Organise or Let it Be

There must be some sort of personality type grid with Organise in one corner and Let it Be in the other.


But I feel them fighting inside me.

Mostly it’s Organise that wins. The fact that all these words are (hopefuly) spelled correctly demonstrates that principle.

At other times, you gotta just let stuff be. The sun is out, the sky is blue(ish) – I just let those things get on with being themselves. No sense in getting her up about them.

But there are things in the middle that I just don’t know what to do with.

Things like:

  • Memories
  • Old laptops
  • Mortifications
  • Last year’s socks
  • Memorabilia
  • Old friends
  • Writings.

I don’t know whether to leave them where they are so that they rot in-situ or whether to dust them off and arrange them neatly in some well-lit place so that I can look at them.

I’d like to write an autobiography. I guess first of all, I’ll need to do something extraordinary. Much though I’m enjoying it, sitting on a wall typing this doesn’t qualify. Even sharing such blinding insights as you’re reading now doesn’t cut it either.

I’d like to dig out the contents the attic and garage, attach an rfid chip to everything and then pack it all back.

I’d love for someone to come along and catalogue all the people I ever knew and then present me with an indexed book containing photographs and information about them all.

I’d love to get on with publishing all the things I’ve ever written. All those long-lost stories. All those posts on blogs and forums. All that utter twaddle.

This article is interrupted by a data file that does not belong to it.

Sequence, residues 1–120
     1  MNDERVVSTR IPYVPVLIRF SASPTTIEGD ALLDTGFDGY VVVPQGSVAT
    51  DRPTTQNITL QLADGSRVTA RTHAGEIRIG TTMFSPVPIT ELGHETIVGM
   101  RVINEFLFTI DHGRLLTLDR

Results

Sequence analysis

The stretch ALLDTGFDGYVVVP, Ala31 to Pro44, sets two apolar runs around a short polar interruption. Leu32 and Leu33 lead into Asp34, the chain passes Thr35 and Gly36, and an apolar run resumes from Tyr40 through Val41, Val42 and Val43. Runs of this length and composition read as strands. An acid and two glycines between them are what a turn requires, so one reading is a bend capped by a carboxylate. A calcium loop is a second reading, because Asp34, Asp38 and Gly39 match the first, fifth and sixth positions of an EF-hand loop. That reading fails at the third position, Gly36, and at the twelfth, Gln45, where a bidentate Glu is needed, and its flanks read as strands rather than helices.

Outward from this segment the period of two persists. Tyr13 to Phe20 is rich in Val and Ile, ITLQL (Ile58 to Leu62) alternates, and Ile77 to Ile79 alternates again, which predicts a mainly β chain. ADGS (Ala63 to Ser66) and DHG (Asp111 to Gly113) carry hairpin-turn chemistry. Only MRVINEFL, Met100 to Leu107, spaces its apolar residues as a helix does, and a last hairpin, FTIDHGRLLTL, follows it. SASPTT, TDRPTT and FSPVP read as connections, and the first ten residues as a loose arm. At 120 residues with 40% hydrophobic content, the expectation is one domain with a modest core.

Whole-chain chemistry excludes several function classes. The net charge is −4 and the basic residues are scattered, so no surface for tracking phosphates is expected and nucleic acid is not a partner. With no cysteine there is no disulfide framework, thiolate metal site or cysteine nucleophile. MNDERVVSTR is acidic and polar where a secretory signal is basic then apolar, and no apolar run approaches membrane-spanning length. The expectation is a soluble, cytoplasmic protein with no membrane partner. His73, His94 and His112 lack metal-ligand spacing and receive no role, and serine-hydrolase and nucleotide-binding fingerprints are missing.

Yeah, on second thoughts – maybe just let it all be.

51 thoughts on “Organise or Let it Be

          • Oh, of course. I talked with all of my husband’s children and asked if there were things they wanted of their dad’s when he died. I made boxes up and sent them lots of personal things of his, jewelry, sports related clothes and hats, electronics, books. I keep things with his handwriting for me and videos on my phone to hear his voice. I donated coats to a coat collection drive last winter which I knew he would like. I can’t part with lots of things yet because it would feel like his life didn’t matter…

            Liked by 1 person

            • Sounds like you’ve hit on a sensible and heartfelt approach there, Dee (and, to be honest, I wouldn’t have expected anything less from you). Compassion and love have settled on you like a deep, safe, warm, nourishing (okay, I’ll stop now) covering of leaves on the forest floor. When you say that about feeling that one’s life has mattered – that’s exactly how I feel. I still need to get there, though. Working on it.

              Liked by 1 person

        • You’re right, you’re not that possessive. I found this:
          “Sottolinea, spesso rudemente, dubbio o incertezza ( Ce la farà? Mah! e chi lo può dire? ), oppure disapprovazione ( Ha lasciato gli studi? Mah! ) o anche rassegnazione ( È andata così! Mah!, cosa ci vuoi fare! ).”